On the one hand, it seems that thermal physics applies to self-gravitating systems (SGS). For instance, in certain circumstances the evolution of the distribution of stars in a galaxy can be modeled using the collisionless Boltzmann equation or the Fokker-Planck equation (see e.g. Binney and Tremaine 1987). On the other hand, self-gravitating systems exhibit many unusual features, sometimes called the ‘gravitational paradoxes’, as discussed in Sect. 2.

There is a prima facie dispute in the scientific community. Some express Optimism over the applicability of thermal physics: “Statistical mechanics of gravitating systems is a controversial subject. However, our modern understanding of statistical mechanics and thermodynamics does handle gravitational interactions rigorously with complete satisfaction” (Kiessling 1999, p. 545). Other express Pessimism: “[Thermodynamics] is essentially a human science; it started with steam engines and went on to describe many physical and chemical systems whose size is of the order of a metre. They clearly are inapplicable to the solar system or to galaxies. Clearly classical thermodynamics is not a useful branch of science in cosmology; we have extrapolated too far from its human-sized origins” (Rowlinson 1993, p. 873).

Of course, one might be tempted to ‘hedge your bets’ and claim that whilst gravitational thermal physics has some successes, this success is qualified by the paradoxes. That is, one might claim, as is often the case with optimism and pessimism, that there are shades of grey: the truth lies in between.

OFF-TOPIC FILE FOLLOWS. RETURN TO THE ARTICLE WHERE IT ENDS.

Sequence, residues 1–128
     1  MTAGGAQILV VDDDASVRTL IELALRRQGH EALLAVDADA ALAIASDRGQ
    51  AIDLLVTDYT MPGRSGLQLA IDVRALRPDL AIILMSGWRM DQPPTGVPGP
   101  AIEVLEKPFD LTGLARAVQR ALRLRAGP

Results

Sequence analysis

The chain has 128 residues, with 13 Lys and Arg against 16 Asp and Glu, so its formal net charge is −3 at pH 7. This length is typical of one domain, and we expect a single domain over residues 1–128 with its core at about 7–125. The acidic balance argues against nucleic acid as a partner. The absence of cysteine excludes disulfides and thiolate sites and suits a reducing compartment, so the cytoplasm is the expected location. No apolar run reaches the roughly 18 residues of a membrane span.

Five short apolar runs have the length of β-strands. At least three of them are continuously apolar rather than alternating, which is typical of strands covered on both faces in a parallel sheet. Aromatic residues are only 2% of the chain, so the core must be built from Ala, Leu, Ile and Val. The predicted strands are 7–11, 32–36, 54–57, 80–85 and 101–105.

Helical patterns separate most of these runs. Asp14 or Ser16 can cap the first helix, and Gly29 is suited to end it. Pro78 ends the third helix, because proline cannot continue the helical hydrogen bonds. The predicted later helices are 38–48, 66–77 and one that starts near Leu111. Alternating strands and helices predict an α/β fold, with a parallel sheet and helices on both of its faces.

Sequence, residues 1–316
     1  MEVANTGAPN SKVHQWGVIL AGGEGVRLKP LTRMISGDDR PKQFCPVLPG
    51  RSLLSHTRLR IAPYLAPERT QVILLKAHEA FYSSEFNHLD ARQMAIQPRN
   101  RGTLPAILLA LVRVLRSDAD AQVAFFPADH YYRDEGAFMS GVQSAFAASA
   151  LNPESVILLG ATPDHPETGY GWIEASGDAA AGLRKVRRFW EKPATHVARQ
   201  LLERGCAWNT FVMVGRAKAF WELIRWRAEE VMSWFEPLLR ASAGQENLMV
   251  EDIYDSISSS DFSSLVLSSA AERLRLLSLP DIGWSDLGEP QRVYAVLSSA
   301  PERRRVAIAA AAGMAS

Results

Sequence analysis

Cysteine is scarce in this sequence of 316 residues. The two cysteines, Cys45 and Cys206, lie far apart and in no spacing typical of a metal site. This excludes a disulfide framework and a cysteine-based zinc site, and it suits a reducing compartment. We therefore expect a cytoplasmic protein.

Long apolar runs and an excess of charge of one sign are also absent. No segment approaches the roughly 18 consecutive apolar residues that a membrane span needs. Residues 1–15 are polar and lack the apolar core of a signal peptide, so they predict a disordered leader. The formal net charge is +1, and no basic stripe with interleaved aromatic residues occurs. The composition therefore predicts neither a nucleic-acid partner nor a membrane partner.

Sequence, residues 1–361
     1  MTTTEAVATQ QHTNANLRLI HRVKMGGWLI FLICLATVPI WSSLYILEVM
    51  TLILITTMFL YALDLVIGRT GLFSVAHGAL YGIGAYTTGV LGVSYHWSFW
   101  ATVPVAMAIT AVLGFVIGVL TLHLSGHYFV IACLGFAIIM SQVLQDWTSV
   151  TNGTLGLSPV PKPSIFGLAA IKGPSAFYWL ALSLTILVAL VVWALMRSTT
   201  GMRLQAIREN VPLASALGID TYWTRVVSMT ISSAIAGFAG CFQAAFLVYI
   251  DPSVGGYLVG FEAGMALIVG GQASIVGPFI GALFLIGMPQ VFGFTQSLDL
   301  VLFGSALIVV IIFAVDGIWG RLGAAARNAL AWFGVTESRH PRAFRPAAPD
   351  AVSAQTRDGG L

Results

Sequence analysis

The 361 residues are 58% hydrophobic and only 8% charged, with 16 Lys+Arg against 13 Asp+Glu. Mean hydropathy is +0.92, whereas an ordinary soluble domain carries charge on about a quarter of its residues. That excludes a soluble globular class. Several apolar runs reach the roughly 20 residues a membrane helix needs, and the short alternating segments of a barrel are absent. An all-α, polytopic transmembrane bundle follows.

But I think we can do better than merely hedging our bets in this dispute. My goal in this paper is to make peace between the Optimists and the Pessimists, by deflating the debate between them. I argue that: if we are careful in distinguishing statistical mechanics and thermodynamics, then no reconciliation is required. Both sides can live in harmony because whilst statistical mechanics applies, thermodynamics does not.

This position differs from Callender (2011), who brought this dispute to the attention of the philosophy of physics community (Callender 2010). He notes the successful features emphasised by the Optimists, whilst not minimising the difficult features that a Pessimist might stress. But—motivated by his broader position in the foundations of thermal physics, namely: we should not take thermodynamics too seriously and so advocates a more flexible, and so more liberal, view of thermodynamics—Callender subscribes to a (cautious) Optimism. That is, he holds that the problems facing SGS do not “spell the end for gravitational equilibrium thermodynamics” (Callender 2011, p. 962).